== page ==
Global Security Newswire
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France Indicates Delay for Syria Peace Conference
France on Sunday hinted that a planned international conference aimed at negotiating an end to the Syrian civil war could be convened in Switzerland in July -- one month later than the timeline pushed by Russia and the United States, Reuters reported.
"The Geneva II conference is the last chance. I hope it will take place. It could take place in July," French Foreign Minister Laurent Fabius said.
The main Syrian opposition coalition is refusing to participate if Iran and Hezbollah also attend the conference. The Bashar Assad regime has said that while it will participate, any peace agreement must be put before the Syrian people for a vote. Damascus has also said Assad will remain in power until at least 2014 and might run for re-election.
The British foreign policy chief on Monday said his government would not make a decision on supplying weapons to Syrian rebels until the Geneva talks have taken place, Reuters separately reported.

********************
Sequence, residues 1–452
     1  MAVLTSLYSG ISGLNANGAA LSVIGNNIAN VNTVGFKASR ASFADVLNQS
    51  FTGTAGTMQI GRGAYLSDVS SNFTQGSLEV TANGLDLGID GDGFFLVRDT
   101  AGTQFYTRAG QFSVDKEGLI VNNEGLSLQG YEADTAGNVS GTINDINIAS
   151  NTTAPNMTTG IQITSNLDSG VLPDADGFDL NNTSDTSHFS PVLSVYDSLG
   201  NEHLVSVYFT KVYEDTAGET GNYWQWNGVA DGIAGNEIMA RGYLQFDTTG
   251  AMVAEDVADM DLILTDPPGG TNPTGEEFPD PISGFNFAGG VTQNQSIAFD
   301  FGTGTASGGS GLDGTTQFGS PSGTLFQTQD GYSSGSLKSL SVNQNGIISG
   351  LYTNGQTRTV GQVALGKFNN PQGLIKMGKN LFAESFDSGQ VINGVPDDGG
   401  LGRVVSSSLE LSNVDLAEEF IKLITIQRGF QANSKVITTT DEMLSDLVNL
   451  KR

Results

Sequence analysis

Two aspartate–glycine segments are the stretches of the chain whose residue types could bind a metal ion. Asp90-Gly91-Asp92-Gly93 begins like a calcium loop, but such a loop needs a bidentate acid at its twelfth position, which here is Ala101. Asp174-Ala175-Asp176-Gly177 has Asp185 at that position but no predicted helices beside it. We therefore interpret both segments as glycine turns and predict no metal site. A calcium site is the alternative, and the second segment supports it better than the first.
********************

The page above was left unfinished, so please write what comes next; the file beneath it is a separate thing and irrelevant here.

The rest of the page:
"A decision on whether to deliver lethal weapons will depend on how those negotiations go and other countries' attitudes," Foreign Secretary William Hague said in an inter view with a German newspaper.
The European Union recently lifted its arms ban over Syria but no EU member has pledged to provide weapons to opposition forces.
Washington on Friday urged Moscow not to send advanced air-defense systems to Syria, the Washington Post reported.
Damascus is understood years back to have purchased several S-300 anti-aircraft systems that can also be used against some ballistic missiles. It is not clear if the Assad regime has received any or all of the components needed for assembling and operating the technology.
"We ask them again not to upset the balance within the region with respect to Israel and the weaponry that is being provided to Assad," Secretary of State John Kerry said. "It has a profoundly negative impact on the balance of interests and the stability of the region, and it does put Israel at risk."
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This article provides an overview of Syria's historical and current policies relating to nuclear, chemical, biological and missile proliferation.